Troops on standby as DRC result delayed
Kinshasa - Troops patrolled Kinshasa on Wednesday as the DRC faced two more days of waiting for the full results of an election that has sparked protests abroad and raised fears of a fresh explosion of violence.
President Joseph Kabila, in power since 2001, looked on track for another five-year term in the single-round race, leading top rival Etienne Tshisekedi 49 to 33% in results announced on Tuesday and based on 89% of polling centres.
The Independent National Electoral Commission (CENI) said late on Tuesday it needed more time to compile final results from around the country, which is two-thirds the size of Western Europe ranked last in the UN's development index.
It promised a full count within 48 hours.
Tshisekedi has rejected partial results showing Kabila in the lead and made veiled threats of violence if the incumbent is declared the winner.
In Kinshasa, police fired shots in the air and used teargas on Wednesday to disperse dozens of Tshisekedi supporters in the west of the city, where the young "fighters", as the veteran opposition leader calls his backers, had blocked the street with rocks.
In Kintambo neighbourhood, police chased away a group of protesters allegedly trying to set fire to the church where CENI chief Daniel Ngoy Mulunda is a Methodist pastor.
Some 20 000 soldiers are on stand-by at bases in Kinshasa, and the normally bustling city of 10 million people remained unusually quiet.
Tension on the rise
Observers said the delay will only ratchet up tensions that have been growing since an election marred by chaos and rioting at polling centres, rebel attacks in the southeastern city of Lubumbashi, and a deadly police crackdown on Tshisekedi's supporters on the last day of the campaign.
"Tension is on the rise since voting day," said Thierry Vircoulon, central Africa director for the International Crisis Group, which has put the Democratic Republic of Congo on its "conflict risk alert" list.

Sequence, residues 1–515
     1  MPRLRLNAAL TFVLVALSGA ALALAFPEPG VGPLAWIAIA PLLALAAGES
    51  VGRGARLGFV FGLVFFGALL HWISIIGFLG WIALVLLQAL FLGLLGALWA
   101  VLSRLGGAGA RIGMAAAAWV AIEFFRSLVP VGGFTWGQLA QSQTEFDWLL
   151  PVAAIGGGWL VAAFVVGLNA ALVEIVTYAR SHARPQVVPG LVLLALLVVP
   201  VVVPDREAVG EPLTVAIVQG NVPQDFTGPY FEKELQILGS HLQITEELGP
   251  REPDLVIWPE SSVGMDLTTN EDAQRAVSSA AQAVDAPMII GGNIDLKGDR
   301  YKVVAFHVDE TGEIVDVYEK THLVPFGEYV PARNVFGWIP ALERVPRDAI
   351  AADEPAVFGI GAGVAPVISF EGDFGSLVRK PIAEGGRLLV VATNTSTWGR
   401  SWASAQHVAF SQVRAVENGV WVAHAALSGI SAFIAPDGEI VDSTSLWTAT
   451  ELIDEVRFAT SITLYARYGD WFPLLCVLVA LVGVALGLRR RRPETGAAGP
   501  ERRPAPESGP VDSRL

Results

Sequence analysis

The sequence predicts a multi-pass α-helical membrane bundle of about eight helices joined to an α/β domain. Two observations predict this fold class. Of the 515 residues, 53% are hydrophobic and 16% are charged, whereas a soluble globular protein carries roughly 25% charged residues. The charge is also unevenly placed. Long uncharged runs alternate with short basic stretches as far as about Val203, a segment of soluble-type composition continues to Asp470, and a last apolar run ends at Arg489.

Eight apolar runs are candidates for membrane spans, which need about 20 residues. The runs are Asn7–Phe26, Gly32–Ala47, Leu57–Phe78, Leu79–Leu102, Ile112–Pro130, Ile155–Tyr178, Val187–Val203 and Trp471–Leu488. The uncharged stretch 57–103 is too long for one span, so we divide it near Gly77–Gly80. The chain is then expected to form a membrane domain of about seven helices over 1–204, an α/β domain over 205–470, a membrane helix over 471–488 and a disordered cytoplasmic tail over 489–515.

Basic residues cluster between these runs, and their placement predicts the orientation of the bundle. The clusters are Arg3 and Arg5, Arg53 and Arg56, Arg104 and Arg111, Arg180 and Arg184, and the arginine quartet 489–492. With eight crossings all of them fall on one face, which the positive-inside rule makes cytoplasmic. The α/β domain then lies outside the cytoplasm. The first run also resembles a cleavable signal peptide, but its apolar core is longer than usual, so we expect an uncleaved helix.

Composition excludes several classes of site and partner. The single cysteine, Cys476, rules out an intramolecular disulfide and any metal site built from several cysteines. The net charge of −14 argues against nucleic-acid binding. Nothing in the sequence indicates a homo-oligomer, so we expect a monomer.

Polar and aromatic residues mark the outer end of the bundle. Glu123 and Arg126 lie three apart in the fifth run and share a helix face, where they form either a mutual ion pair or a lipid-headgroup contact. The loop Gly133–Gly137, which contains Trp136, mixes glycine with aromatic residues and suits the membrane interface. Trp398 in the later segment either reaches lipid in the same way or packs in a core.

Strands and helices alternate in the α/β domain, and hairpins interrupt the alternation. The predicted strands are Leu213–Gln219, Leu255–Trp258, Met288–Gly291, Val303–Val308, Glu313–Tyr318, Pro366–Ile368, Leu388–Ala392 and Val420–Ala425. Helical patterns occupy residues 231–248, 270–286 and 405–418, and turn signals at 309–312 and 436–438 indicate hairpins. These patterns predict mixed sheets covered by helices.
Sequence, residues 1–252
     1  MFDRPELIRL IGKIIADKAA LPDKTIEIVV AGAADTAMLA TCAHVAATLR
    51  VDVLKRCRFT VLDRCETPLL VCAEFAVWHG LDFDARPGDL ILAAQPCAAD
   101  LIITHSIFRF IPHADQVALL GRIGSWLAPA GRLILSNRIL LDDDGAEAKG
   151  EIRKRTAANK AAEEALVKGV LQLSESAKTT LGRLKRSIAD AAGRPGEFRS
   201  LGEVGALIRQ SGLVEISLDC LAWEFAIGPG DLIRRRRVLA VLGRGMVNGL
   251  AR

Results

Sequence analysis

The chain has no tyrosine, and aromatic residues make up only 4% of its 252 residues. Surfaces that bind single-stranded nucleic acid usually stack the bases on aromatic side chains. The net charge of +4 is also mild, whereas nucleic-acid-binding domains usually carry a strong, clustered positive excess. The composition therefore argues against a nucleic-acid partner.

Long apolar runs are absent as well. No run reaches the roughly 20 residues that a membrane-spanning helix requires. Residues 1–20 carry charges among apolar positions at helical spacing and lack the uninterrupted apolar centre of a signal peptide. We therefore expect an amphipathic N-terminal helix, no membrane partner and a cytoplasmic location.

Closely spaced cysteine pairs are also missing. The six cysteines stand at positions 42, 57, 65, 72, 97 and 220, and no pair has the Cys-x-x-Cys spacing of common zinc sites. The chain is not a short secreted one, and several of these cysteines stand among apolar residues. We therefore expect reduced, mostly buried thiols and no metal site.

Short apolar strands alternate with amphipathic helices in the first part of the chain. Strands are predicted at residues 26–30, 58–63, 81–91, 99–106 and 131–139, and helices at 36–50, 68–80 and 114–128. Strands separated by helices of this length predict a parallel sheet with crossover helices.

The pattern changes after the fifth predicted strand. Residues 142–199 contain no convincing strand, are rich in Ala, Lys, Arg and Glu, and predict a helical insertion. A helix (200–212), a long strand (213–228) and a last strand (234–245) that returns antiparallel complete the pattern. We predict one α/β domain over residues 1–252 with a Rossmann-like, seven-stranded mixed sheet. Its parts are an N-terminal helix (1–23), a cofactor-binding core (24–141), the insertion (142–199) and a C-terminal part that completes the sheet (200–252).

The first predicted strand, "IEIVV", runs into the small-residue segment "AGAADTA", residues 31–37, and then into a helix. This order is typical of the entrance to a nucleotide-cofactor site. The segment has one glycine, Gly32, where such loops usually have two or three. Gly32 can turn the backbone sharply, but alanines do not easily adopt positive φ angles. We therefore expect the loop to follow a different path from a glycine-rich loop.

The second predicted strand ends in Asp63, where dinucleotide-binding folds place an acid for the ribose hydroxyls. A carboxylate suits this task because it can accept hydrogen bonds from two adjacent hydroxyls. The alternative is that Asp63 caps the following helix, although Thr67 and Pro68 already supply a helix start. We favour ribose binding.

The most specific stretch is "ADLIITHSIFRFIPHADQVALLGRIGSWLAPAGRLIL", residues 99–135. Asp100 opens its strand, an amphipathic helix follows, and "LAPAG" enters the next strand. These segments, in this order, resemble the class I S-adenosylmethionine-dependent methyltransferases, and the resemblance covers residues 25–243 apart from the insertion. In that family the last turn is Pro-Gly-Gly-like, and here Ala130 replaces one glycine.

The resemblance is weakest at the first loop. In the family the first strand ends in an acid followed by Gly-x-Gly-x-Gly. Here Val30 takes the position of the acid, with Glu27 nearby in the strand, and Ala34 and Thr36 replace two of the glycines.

"People are getting sceptical. When you reach a certain level of disorganisation, people wonder if the process is really free and fair and if there's no manipulation behind the scenes," he told AFP.
Kabila's five-year term officially expired on Tuesday, but the constitution says he remains head of state until the next president is inaugurated.
Tshisekedi's party, the Union for Democracy and Social Progress (UDPS), said it will "tolerate" the final result delay, but reiterated its criticisms of the vote count, calling for results to be released for every individual polling centre.
UDPS secretary general Jacquemin Shabani called the partial results "biased, opaque and irresponsible".
Tensions have also spilled over into the Congolese diaspora.
In London, some 300 protesters accusing Western countries of backing Kabila clashed with police on Tuesday outside Prime Minister David Cameron's residence.
Two people were treated for injuries and 17 were arrested on suspicion of obstructing a highway, a Scotland Yard spokesperson said.
In Toronto, some 150 protesters swarmed a police car and dirt was thrown at officers, prompting an emergency radio call for back-up.
Protesters by Congolese expatriates have also turned violent in Paris, Johannesburg and Pretoria, and in Brussels, where nearly 100 Tshisekedi supporters were arrested, according to the Belga news agency.
The elections are just the second since back-to-back wars from 1996 to 2003 in a country ranked last on the UN's development index despite a wealth of cobalt, copper, diamonds and gold.
The supreme court has until December 17 to review the result and declare the official winner. Provisional parliamentary results are due in mid-January.
The next president is due to be sworn in December 20.